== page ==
As a responsible owner, it’s important to make sure that you understand what normal cat behaviour looks like so that you can recognise behavioural changes in your feline friend. There are many reasons why cats bite, but in order to understand what your cat is trying to communicate by doing so, you need to be able to tell the difference between playful and hostile attacks.
This handy guide has all the information you need to determine why your feline friend may be lashing out, what body language you should look out for and how to stop your cat from biting.
Why does my cat bite me?
Cats are natural predators, meaning that seemingly aggressive acts like biting, clawing and pouncing are a large part of their play. Most often if your cat bites you they are trying to tell you that they aren’t enjoying the contact that you’re giving them, whether it’s tickling their stomach or stroking their tail. Although it’s hard to tell when a cat has had enough of being petted, paying attention to your cat’s body language can warn you when a bite might be coming.
Body language is made up of postures, facial expressions and the position of body parts, such as the ears and tail. Typical offensive postures your cat may take before biting include stiff, straight legs and tail, a direct stare, growling or upright ears. Your cat may also show aggression by rolling onto their side or back in order to use both their teeth and claws. Understanding the circumstances that cause your cat to become aggressive will allow you to know when to back off and let them do their own thing, rather than pushing them to the point of biting.
Cats don’t just bite due to aggression - they often bite during play as they express their natural hunting instinct. Felines often practice pouncing, grabbing, clawing at and biting objects, pretending that they’re ‘prey’. Biting during play is typically easy to distinguish from aggressive behaviour, as bites shouldn’t cause much damage and don’t last long. While it can be good to appeal to your cat’s natural instincts and interact in primal play with your pet, you need to discourage biting and scratching if it becomes a concern.
How to stop your cat biting
It’s important to stop your cat biting out of aggression, particularly if they live in a multi-pet household or with young children who don’t understand boundaries. You’ll need to teach your cat that this behaviour isn’t acceptable and discourage them from using it as a way to express their anger or frustration. You can help suppress your feline’s natural instinct to bite during play by providing plenty of toys for them to chew on, as well as offering positive reinforcement by rewarding them with a tasty cat treat.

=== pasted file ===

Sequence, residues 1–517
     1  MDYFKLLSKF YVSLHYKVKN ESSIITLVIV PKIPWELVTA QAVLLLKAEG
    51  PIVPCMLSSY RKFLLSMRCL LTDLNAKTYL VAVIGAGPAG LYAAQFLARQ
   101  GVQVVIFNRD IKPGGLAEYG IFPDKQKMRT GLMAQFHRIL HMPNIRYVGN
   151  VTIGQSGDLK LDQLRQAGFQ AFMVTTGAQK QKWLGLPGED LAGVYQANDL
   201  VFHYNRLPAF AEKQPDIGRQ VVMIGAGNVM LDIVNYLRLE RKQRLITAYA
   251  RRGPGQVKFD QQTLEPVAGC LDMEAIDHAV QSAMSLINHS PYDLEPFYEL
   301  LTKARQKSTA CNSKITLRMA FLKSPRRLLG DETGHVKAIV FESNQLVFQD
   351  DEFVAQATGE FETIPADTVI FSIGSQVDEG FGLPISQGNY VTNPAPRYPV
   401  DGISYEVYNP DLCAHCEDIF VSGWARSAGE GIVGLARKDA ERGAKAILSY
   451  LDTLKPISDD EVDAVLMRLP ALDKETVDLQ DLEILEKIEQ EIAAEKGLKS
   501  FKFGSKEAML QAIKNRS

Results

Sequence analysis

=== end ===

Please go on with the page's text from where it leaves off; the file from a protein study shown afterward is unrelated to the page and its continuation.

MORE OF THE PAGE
However, it can be difficult to dissuade your cat from aggressive biting. Aggressive bites are a sign that your cat is in a fighting mode, whether directed towards another animal or person, and it’s easy for pets to revert to their natural instinct when angry or scared. It’s often accompanied by hissing, spitting and a defensive posture. The best way to tackle aggressive biting is to avoid putting your cat in confrontational situations, such as advising visitors to avoid petting them, or limiting their contact with territorial cats.
Cats can start learning what behaviour is appropriate from a young age, so it’s best to start teaching them right from wrong as early as possible. Kittens go through a biting phase where they learn to pounce with their siblings, but they should be taught that it’s not okay to bite human fingers or toes while play-fighting. As they grow, they’ll learn to hold back their claws and teeth so as not to hurt others unintentionally.
If you find your cat’s behaviour difficult to live with, you may want to consider consulting a healthcare professional to see if there’s any way to calm them, such as neutering or spaying.
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